KUALA LUMPUR, Nov 11 — Inflation is likely to remain elevated but Malaysia is not expecting a recession in 2023, in line with the improvements in economic growth.
Bank Negara Malaysia (BNM) governor Tan Sri Nor Shamsiah Mohd Yunus said Malaysia has started to see signs of demand-driven inflation amid a high deposit environment.
Therefore, the central bank aims to avoid a situation where broad base price value is induced excessively as it is in higher countries, she said.
“For 2023, we do see some challenges to growth, especially from the external front with global growth slowing, but I would like to stress again that we are not expecting a recession,” the governor noted.
She also said that high inflation erodes people’s purchasing power and savings, so BNM is preemptively managing the risk through gradual policy rate adjustments but moderate policy movements may take time to be fully transmitted to the economy.
“We cannot wait until inflation becomes too high before we act. If that happens, the overnight policy rate (OPR) would need to be increased, much faster and by much more.
“This will hurt households and businesses even more. We conduct our multi-policy premised on us achieving price stability and sustainable growth,” Nor Shamsiah said.
She added that the economy is projected to grow by 4.0 per cent to 5.0 per cent in 2023 and continues to surpass pre-pandemic levels.
Nor Shamsiah said headline and core inflation are expected to remain elevated amid both demand and cost pressures, as well as potential changes to domestic policy measures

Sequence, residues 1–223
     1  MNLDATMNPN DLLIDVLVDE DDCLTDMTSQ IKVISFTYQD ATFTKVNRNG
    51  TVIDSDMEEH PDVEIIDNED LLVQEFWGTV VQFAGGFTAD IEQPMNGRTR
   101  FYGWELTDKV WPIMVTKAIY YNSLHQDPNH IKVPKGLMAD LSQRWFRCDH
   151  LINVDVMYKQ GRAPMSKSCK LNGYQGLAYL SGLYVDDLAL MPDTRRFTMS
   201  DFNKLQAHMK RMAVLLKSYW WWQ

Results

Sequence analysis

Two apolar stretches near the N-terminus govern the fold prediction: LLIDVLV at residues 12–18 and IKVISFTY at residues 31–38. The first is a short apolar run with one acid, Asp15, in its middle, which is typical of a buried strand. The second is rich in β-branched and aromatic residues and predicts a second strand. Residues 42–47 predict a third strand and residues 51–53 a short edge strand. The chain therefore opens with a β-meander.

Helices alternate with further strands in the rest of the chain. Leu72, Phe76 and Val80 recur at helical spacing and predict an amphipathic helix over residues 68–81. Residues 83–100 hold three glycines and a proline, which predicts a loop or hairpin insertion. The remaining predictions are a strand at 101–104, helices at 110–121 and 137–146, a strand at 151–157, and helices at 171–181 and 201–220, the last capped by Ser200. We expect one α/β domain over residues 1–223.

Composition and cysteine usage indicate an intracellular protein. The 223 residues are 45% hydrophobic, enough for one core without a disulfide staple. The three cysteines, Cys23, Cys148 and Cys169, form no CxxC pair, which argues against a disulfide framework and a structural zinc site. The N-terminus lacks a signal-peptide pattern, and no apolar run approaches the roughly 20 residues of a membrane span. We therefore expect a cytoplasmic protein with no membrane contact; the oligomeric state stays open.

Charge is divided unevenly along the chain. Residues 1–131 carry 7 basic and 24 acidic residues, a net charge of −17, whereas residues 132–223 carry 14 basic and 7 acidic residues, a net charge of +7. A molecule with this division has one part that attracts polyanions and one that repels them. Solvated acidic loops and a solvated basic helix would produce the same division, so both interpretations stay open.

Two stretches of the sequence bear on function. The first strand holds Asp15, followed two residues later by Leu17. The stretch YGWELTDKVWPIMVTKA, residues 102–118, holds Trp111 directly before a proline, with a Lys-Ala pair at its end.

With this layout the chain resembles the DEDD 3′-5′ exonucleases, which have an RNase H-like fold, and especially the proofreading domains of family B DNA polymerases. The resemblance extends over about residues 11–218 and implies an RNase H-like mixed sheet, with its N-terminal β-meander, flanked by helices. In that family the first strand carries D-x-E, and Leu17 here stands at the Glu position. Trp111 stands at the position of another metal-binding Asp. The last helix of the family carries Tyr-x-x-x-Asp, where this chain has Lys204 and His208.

“Headline inflation is expected to range between 2.8 per cent and 3.3 per cent in 2023.
“The balance of risk to the inflation outlook in 2023 is tilted to the upside and continues to be subject to domestic policy measures on subsidies, as well as global commodity price developments arising mainly from the ongoing military conflict in Ukraine and prolonged supply-related disruptions,” she said.
Headline inflation is likely to have peaked for the year at 4.5 per cent in the third quarter this year (Q3 2022) compared to 2.8 per cent in the second quarter (Q2 2022), while core inflation increased further to 3.7 per cent versus 2.5 per cent in Q2 2022, she explained.
Nor Shamsiah said the increase in headline inflation was largely driven by the base effect from the discount on electricity bills implemented in Q3 2021, as well as sustained increases in core inflation and price-volatile items.
She also said inflationary pressures reflected the confluence of elevated cost pressures, particularly for food-related items, and strong demand conditions.
“Headline inflation is likely to have peaked in Q3 2022 and is expected to moderate thereafter, albeit remaining elevated, due to dissipating base effects and the expected easing of global commodity prices.
“Core inflation is expected to average closer to the upper end of the 2.0 per cent to 3.0 per cent forecast range in 2022, given some demand-driven price pressures amid the high-cost environment,” she said. — Bernama